What a pants shitting freak.

          1. Fucking Lewiston, Maine is a war zone? Is this guy shitting me?

        2. Oh my glob, some of the comments are insane


      2. “The question is why such an obvious lesson of history needs to even be pointed out or why the general population seems to ignore it”

        It is because this is Meruhka, can’t happen here because we are the greatest, most bestus country ever, you damn hippy.
        (sacrifices first born to Mars)

    2. That cops in some cities are facing ambushes with automatic weapons

      How often do cops get “ambushed” with any weapons? AFAICT, almost all violence committed against cops is during police-initiated encounters (which is still [usually] wrong, of course, but that’s beside the point).

    3. “That cops in some cities are facing ambushes with automatic weapons’

      He didn’t say US cops are being ambushed with automatic weapons, he was being more inclusive than that and including cops in Mexico, Iraq, Afghanistan, etc.

    4. You should have been nicer in the sarcastic letter “someone” wrote.

  9. Pretty much anyone that has authority over the public should be monitored. Cops, Teachers, inspection officers, CPS, Judges, parole officers.

    1. And they will never allow it. Because it would take away the majority of their arbitrary power, which is why they went into the job in the first place.

      The parasite will never agree to the medication which will kill it.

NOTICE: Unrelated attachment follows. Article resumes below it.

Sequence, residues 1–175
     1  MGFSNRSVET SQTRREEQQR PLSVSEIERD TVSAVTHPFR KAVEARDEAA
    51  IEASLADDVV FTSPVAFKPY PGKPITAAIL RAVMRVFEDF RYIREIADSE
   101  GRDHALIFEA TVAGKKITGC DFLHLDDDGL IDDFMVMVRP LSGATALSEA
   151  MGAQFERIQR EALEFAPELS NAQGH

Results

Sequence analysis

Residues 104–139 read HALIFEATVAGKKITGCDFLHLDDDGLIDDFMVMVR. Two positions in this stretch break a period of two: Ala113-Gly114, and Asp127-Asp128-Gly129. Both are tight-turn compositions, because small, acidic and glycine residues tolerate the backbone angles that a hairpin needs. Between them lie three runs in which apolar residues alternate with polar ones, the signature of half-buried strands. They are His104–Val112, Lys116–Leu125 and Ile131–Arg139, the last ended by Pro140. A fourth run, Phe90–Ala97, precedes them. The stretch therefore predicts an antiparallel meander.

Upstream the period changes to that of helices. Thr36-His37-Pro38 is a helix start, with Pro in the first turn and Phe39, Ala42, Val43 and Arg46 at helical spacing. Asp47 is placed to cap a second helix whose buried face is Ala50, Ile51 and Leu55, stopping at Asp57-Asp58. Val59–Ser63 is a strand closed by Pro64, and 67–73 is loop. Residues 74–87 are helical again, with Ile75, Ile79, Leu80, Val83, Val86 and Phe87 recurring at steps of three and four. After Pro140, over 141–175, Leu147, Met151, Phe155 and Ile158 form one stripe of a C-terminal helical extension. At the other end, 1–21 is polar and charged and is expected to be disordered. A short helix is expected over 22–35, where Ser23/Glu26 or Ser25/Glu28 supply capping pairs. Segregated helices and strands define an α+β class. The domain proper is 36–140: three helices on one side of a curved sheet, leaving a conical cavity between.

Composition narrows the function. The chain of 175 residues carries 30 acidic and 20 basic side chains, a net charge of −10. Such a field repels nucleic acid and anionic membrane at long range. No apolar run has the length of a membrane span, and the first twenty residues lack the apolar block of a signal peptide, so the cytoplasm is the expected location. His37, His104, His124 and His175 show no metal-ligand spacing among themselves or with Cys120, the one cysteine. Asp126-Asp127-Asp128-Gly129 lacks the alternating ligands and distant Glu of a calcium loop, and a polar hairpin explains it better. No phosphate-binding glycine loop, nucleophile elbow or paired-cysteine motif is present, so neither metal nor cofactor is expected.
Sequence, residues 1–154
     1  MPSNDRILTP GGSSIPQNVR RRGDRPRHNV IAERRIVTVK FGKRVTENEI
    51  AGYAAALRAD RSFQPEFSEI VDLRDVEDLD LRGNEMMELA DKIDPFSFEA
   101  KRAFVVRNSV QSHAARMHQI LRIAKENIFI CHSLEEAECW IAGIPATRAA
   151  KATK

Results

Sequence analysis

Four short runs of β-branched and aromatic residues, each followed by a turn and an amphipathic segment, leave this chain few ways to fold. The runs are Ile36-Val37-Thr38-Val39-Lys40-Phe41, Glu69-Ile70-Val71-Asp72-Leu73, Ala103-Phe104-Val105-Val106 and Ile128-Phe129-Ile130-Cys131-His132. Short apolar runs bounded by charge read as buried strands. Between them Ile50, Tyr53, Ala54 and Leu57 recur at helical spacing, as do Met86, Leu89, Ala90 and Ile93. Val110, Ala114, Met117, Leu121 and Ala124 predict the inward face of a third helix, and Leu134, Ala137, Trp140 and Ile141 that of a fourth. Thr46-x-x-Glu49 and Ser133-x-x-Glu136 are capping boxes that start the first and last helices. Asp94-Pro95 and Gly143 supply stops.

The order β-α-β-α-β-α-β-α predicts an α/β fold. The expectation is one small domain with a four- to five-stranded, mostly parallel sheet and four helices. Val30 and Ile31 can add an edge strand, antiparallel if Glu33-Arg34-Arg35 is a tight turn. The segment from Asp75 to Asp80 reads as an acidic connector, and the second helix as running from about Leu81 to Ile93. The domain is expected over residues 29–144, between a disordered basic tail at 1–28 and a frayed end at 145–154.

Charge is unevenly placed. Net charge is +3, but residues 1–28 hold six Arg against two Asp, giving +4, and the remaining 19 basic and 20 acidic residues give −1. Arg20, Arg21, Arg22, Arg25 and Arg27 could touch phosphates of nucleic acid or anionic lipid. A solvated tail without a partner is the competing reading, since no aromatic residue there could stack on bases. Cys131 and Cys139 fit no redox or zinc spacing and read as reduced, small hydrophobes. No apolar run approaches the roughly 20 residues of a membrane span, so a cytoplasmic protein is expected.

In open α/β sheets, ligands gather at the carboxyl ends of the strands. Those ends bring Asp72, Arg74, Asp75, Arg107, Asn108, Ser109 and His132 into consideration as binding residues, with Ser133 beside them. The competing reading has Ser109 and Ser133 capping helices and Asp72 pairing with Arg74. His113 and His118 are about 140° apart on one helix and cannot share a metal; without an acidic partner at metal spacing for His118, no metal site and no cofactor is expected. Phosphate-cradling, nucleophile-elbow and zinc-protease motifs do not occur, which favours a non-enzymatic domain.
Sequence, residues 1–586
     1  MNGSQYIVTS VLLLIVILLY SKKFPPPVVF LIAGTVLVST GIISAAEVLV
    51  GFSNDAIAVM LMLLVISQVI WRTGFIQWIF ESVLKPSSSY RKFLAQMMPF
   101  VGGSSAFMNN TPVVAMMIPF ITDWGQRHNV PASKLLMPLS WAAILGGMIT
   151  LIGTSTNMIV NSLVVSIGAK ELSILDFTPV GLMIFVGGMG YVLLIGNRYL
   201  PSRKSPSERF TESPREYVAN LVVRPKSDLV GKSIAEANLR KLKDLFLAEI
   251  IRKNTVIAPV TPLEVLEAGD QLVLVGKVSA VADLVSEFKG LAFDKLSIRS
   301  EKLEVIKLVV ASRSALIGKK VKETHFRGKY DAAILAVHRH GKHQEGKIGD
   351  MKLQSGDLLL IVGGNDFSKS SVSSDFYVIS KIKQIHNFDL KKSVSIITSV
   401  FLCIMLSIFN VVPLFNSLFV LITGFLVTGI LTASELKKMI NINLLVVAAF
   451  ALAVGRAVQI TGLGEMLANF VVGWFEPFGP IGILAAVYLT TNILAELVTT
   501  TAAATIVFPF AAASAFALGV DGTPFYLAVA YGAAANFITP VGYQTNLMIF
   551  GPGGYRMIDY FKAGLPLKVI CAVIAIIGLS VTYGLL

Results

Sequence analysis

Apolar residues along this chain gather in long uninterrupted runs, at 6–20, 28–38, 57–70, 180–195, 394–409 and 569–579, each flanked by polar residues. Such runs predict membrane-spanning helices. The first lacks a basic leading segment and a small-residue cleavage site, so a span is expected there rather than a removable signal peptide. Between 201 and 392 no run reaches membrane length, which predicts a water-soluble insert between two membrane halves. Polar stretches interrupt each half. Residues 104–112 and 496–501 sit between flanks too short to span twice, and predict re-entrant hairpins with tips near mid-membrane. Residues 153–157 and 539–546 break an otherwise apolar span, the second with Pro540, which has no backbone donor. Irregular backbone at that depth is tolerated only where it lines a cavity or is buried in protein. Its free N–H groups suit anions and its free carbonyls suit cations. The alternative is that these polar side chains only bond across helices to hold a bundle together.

1. Maybe we should plant microcameras on all of them without their knowledge.

        1. Have them all go in for “dental work” or a “routine checkup” and implant whatever we want.

          Is nanotech far enough along that we could put it in someone and be able to record their every movement?

  10. OK, someone clue me in… who is that handsome police officer in the article pic? Just a stock photo or is that from a police show?

      1. Ah OK. For a moment I thought it was Mark-Paul Gosselaar.

        Oh Zack Morris, why do you continue to haunt my inner teenage self…?

        1. I have no idea what that means

          1. Then you’re not an 80s child.


  11. In sales and other call center scenarios managers record all interactions with the public. These recordings can be used to rebut claims of fraud or misconduct by the public, or to enforce a contract or other parallels to the police dash cam scenario.

    But they are most often used as training tools for the managers. They’ll monitor their employees interactions and grade them on things like attitude, proper upselling, etc. There are even automated tools that will monitor the tone and content of phone calls and issue reports.